"Then I heard sleigh-bells. A two-horse team was coming up the street pulling a bright red sleigh big enough for six. I stopped the driver and offered him twenty galleons for it and the harness, which he seemed glad to accept. He must have thought me a lunatic, but he climbed on one of the horses' backs, tied a bit of rope through the bridle of the other and rode on. He sounded like a Dutchman. How, I thought, had I ended up on the wrong continent, not just the wrong fireplace?"
Ron and Harry leaned close as Hermione went on.
"I put the toys in the sleigh and reached into the bag to see if there was anything in there that might help me. I needed some altitude to help learn where I was. The first package I pulled out was a sack of self-rising flour donated by Zonko's Joke Shop. I spelled up a gust of wind and blew it over the herd of deer, coating them with the levitating flour."
"I can be almost as good with animals as Hagrid is when I put my mind to it. I was pleased that I was able to persuade the puzzled deer to grab a bit of the harness and help me lift the sleigh. Then I saw a small broom that the driver had used to sweep out the sleigh under the front seat. I grasped it tightly between my knees and started to gain some altitude."
"I looked behind me and saw the gentleman I'd disturbed earlier, along with what looked like his entire family standing on the porch of their home, so I waved and shouted, 'Happy Christmas to all!' and 'Good Night!' to them as I flew away."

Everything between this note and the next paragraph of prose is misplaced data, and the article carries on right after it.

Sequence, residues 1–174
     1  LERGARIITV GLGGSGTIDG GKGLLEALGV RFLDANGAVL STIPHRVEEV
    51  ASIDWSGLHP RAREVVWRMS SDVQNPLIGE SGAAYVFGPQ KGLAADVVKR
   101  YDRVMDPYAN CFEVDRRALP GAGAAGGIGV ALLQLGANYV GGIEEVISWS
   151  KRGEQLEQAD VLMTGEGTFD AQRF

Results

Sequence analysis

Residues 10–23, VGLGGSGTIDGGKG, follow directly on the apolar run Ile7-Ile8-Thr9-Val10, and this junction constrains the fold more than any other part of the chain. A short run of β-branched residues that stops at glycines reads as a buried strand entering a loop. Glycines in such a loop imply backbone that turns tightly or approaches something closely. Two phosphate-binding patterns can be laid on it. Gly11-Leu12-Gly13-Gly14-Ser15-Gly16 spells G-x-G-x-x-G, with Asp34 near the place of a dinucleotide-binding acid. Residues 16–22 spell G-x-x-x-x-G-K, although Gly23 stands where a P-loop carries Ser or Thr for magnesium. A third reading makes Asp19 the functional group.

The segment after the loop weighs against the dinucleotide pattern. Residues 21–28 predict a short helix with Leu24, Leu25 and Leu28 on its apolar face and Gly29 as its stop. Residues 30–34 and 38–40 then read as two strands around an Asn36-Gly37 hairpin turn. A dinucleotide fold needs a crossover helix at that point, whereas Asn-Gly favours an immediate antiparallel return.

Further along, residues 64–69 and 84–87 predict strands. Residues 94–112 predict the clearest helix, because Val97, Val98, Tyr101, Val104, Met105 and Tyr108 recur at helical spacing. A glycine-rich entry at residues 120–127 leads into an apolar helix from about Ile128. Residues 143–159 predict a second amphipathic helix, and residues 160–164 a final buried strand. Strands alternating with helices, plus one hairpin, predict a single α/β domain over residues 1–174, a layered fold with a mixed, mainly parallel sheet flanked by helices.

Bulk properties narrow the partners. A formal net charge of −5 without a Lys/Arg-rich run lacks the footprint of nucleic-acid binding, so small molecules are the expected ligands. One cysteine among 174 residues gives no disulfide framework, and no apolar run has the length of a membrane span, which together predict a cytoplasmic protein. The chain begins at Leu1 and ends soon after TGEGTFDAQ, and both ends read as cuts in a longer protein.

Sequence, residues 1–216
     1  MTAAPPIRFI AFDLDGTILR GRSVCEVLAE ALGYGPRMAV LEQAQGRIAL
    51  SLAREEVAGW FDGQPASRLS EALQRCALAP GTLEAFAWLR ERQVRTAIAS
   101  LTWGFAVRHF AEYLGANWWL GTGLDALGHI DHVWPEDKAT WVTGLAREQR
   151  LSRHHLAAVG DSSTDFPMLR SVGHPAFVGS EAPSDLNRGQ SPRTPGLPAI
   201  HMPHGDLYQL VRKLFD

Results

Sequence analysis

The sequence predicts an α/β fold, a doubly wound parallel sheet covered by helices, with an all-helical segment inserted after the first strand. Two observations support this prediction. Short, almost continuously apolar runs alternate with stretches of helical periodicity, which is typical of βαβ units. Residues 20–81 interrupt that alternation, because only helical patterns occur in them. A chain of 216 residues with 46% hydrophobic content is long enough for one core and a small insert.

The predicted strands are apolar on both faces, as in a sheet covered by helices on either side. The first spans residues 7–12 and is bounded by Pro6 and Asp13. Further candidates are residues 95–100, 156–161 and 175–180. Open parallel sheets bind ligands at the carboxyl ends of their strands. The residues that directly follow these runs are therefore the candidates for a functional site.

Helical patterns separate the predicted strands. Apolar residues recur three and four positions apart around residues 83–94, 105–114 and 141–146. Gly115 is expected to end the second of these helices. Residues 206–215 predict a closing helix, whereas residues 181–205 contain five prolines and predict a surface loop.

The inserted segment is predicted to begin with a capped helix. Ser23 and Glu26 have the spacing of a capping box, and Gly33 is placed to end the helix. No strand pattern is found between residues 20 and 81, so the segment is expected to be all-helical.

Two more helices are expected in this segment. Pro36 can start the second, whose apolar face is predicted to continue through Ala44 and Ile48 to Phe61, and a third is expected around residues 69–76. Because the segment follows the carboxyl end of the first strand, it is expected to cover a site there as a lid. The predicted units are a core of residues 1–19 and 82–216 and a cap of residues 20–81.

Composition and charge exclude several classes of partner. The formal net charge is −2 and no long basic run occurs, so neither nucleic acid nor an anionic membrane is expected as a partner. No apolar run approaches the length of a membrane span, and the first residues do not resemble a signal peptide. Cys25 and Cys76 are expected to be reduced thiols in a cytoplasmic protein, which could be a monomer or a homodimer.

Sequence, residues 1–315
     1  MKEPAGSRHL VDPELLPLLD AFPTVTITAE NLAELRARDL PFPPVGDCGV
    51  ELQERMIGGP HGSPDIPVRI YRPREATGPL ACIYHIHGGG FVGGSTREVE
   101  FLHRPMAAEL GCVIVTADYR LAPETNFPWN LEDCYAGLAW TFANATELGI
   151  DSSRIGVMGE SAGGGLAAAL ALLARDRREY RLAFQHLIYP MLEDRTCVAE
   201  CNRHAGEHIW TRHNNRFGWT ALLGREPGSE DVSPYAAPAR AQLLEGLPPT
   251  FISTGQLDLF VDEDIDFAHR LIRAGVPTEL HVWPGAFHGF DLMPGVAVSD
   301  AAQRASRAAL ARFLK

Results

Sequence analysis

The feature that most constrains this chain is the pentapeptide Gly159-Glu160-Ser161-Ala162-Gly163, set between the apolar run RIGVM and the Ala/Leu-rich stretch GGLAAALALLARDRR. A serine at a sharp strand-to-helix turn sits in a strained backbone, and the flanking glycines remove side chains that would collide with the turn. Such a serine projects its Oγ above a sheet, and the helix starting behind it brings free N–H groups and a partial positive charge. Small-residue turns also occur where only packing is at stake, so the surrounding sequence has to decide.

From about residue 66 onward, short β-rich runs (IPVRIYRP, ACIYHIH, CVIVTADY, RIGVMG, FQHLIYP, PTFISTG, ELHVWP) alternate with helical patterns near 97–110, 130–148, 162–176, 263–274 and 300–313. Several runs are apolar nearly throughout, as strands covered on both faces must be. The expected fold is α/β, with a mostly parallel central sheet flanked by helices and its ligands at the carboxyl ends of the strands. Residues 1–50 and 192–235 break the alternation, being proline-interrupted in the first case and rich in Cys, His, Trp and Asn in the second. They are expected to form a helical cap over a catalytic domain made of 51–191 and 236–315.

Harry looked sharply at Hermione. "You don't mean…"
"Uh-huh," she said.
"Then what?" said Ron.
"It's almost finished," said Hermione. "Just a few more lines."
"When I got some altitude I realized I was over New York, not New Salem, so I headed north until I reached the school. Unfortunately, the school's west wing wasn't there, so I had to use the item in my pocket to make some adjustments—a great many turns, actually, and then I was able to complete my delivery and help make the holiday far brighter for the New Salem students and faculty than it might have been."
"They're taking excellent care of me here, and I can attest that Madame Farmer's Indian Pudding is every bit as good as it is reputed to be. I have a double portion at every opportunity. I hope you are both having a good holiday and should be returning home shortly, though this time I think I'll be much more careful with floo powder and fireplaces."
"As best I can determine, my thinking about more time when I left Hogsmead had taken me to a home that had formerly belonged to a wizarding family but was now occupied by one Clement Moore. And you can guess that my timing was somewhat off as well."
"I'm pleased that no lasting harm was done through my error and look forward to seeing you again at New Years."
"Warmly, Your brother — Albus."
"That's it," said Hermione.
"I guess Professor Dumbledore really does look a lot like Father Christmas," said Harry, grinning.
"Or like Saint Nicolas," said Hermione, starting to giggle.
"What?" said Ron, looking puzzled.
"Muggle humor," said Harry.
"You wouldn't understand," said Hermione.
She and Harry couldn't stop laughing for the rest of the day.